Aftermath

By April Boyington Wall

PROMPT—During Covid-19 ...

During Covid 19, I learned that the term aftermath was apparently originally an agricultural one, referring to an after-growth crop—grass grown after another crop had been harvested.


There is hope in knowing that grass can be grown directly after a harvest and that it is often done. The thought is a slim thread being dangled before me as we head into the second year and worst outbreak of the virus. This original meaning of the word is a total reversal on the more recent concept of aftermath, which has always (to me) connoted something negative. Something worse than the original event, which invariably was catastrophic.


So there is hope. A meadow of verdant green grass arising after the harvest. There is more to come. According to the old definition, it’s not bad. It’s something good, beautiful, innocuous.


What will happen as the aftermath to this pandemic? Many of us have been intent on noticing and savoring the good here. The new ways of getting through life. The inventiveness we have shown in being creative, developing work-arounds for being unable to connect in person with each other. Yet as we do so, there is a lot of whistling past the graveyard, not wanting to think too much about the other side of this situation. The deaths, the losses, the healthcare issues that have languished and progressed without timely medical attention. The mental health issues that are reported regularly although in relatively vague terms.


Some concerns are recognized, but no answers provided. The strain on women who have borne most of the burdens of decreased or eliminated income, working from home on endless Zoom meetings, doing constant child care and home schooling. There is a significant increase in child abuse, especially when kids are not in school—a fact troubling a friend who is a pediatric ER doctor. This has not been widely reported but she faces it daily.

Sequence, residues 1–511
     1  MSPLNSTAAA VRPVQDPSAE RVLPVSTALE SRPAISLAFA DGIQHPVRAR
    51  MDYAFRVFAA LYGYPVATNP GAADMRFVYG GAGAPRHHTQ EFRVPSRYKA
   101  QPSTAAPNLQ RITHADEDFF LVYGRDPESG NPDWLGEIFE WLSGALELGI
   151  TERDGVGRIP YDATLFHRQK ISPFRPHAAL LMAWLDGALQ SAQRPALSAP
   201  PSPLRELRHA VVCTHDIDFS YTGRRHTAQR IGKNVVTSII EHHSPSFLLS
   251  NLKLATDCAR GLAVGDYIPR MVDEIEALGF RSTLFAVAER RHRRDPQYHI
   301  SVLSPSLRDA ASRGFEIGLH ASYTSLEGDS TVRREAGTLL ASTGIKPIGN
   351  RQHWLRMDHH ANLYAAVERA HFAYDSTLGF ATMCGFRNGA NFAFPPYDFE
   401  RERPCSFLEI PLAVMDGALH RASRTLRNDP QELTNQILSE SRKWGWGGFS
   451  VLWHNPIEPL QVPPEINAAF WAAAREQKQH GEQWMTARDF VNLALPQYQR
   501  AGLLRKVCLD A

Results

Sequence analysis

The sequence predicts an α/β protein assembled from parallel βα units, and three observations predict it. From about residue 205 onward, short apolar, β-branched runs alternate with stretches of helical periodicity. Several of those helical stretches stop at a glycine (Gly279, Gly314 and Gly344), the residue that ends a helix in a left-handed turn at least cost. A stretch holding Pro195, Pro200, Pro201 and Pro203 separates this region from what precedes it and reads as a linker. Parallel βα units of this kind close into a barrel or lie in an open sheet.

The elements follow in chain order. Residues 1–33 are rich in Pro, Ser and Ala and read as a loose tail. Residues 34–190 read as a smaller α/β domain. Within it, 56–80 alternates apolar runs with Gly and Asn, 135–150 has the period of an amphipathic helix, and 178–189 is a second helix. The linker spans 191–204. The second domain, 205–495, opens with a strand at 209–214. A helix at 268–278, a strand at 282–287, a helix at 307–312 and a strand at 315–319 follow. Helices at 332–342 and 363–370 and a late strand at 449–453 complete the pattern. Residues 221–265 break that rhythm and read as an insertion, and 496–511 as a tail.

So what is the aftermath of all this? Can it be good? Or even innocuous?


On a personal level, I am wondering about the future for me. The aftermath. My relationships have changed and it is uncomfortable yet also probably good. I now have the best excuse in the world to let go of social niceties that kept me locked in activities that no longer sparked joy. I have Marie Kondo’s life and increasingly am retrieving more and more space. But what to do with it? And how can I avoid slipping into old habits when we are free to abandon our pandemic restraints?


I had hoped that all this free time would be an opportunity for reflection and intentionality. The reflection has been there, as I increasingly gain strength in de-cluttering my life. But the intentionality? The clarity? Not evident. Not yet.


I hope the aftermath will bring a chance to metaphorically run in the meadows that I crave.


Yet I need to be realistic. Nothing lasts forever, so even the aftermath itself, good or bad, will end.


Initially trained as a social worker and therapist, April Boyington Wall moved into business consulting early in her career and eventually taught and mentored graduate students in management. She has worked as an executive coach and has designed and led training programs in communications in organizations across Canada and the United States, as well as authoring articles for academic journals and professional publications, reports, case studies, role-play materials, employee manuals, and instructor guides. Qualified as a trainer for Amherst Writers and Artists (AWA) she has been regularly doing expressive writing alone and with others for years.